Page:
Skip to main content
ARS Home » Southeast Area » Charleston, South Carolina » Vegetable Research » Research » Publications at this Location » Publication #308490

Title: Collard land races are novel sources of glucoraphanin and other aliphatic glucosinolates

item Stansell, Zachary
item CORY, W - College Of Charleston
item Couillard, David
item Farnham, Mark

Submitted to: Plant Breeding
Publication Type: Peer Reviewed Journal
Publication Acceptance Date: 2/6/2015
Publication Date: 6/1/2015
Citation: Stansell, Z.J., Cory, W., Couillard, D.M., Farnham, M.W. 2015. Collard land races are novel sources of glucoraphanin and other aliphatic glucosinolates. Plant Breeding. 134:350-355.

Interpretive Summary: Collard is a non-heading, leafy green cole crop that is grown mostly during fall, winter and spring in the southeastern United States. Collard is especially important as a vegetable that can be harvested throughout the cool southern winter. Traditional collard patches and even early commercial fields of collard were planted with heirloom varieties perpetuated by individual seed savers; however, many of those heirlooms have been lost or replaced in recent decades by hybrids and other commercial varieties. From 2003 to 2006, an ARS scientist in cooperation with University colleagues explored the coastal plain region of North and South Carolina in search of collard gardens containing heirloom varieties, and about 80 of them were obtained from seed savers during that search. In the current work, ARS scientists at the U.S. Vegetable Laboratory and a scientist at the College of Charleston in South Carolina undertook a study to assay leaves of the collected heirloom collards for their makeup of compounds called glucosinolates, some of which are known to impart good health when consumed by humans. The scientists found that certain collard heirlooms contain high levels of glucoraphanin, a well-studied glucosinolate of broccoli that breaks down into a substance called sulforaphane, which in turn protects mammalian cells against carcinogens. The finding of relatively high levels of glucoraphanin in collard is of great interest to plant scientists, human nutritionists and medical professionals who previously thought that only broccoli contained high levels of glucoraphanin, but can now recognize some collard varieties as containing it as well. It is possible that some of the examined collard heirlooms will prove valuable as genetic resources in efforts by plant breeders to develop new cultivated varieties with higher levels of glucoraphanin as has been done in broccoli.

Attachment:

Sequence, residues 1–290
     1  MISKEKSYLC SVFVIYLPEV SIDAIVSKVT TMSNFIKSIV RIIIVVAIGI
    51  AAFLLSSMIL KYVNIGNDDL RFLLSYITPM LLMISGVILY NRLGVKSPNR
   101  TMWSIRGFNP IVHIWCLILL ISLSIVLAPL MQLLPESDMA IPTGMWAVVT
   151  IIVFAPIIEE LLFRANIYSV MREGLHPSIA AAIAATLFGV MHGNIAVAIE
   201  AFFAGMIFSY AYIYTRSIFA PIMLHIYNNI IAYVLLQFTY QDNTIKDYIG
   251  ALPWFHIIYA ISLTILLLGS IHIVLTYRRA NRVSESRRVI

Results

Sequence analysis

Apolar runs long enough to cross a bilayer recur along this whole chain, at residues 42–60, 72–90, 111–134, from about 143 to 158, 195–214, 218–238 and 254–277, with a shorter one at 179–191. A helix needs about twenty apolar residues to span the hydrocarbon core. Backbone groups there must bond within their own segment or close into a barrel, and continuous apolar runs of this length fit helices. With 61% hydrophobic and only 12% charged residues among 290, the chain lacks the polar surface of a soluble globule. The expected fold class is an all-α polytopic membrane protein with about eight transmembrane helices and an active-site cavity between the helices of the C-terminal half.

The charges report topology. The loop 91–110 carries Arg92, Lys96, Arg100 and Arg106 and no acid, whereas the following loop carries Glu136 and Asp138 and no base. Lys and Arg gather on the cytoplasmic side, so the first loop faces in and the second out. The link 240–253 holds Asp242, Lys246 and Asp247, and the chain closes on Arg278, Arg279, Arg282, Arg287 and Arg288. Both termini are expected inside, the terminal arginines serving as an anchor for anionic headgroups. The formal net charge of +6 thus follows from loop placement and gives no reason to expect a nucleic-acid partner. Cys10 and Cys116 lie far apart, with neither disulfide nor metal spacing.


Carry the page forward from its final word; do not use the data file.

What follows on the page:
Technical Abstract: Glucosinolates form an important class of metabolites in Brassicas whose cognate isothiocyanates may provide chemoprotective effects in humans. Although certain B. oleracea crops have well documented glucosinolate profiles, collard (Brassica oleracea L. subsp. oleracea convar. acephala var. viridis) remains relatively unexplored. In the last few decades, the diversity of cultivated collards has been diminished due to the wide scale adoption of a few commercial F1 hybrid cultivars. In response to this, 81 neglected collard landraces were collected from the coastal plain region of the southeastern United States during the early 2000's from seed savers and small farmers. The objectives of this study were to: [a] compare glucosinolate profiles within collard cultivars against the recently conserved collard landraces; [b] identify any accessions with a particularly distinct or abundant glucosinolate profile (i.e. elevated glucoraphanin); and [c] determine the potential of B. oleracea var. viridis as a target for chemoprotective based plant breeding. During the winter of 2010/2011, the 81 collard landraces, four other var. viridis, and four commercial collard cultivars were evaluated in the field and harvested leaves assayed for glucosinolates. In a subsequent study, 19 selected landraces plus the cultivars were included in a repeat trial in the fall and winter 2012/2013. The highest glucoraphanin concentration in leaves of a commercial cultivar (Blue Max) averaged across both environments was 1.8 µmol/g dry mass, and glucoraphanin was often undetectable in most cultivar samples. However, 18 collard landraces contained significant levels of glucoraphanin in leaves in both years, and three were found to repeatedly contain glucoraphanin in excess of 9.5 µmol/g dry leaf-tissue mass under both field environments. These landraces are rich sources of important glucosinolates, previously thought to be most abundant in other B. oleracea vegetables.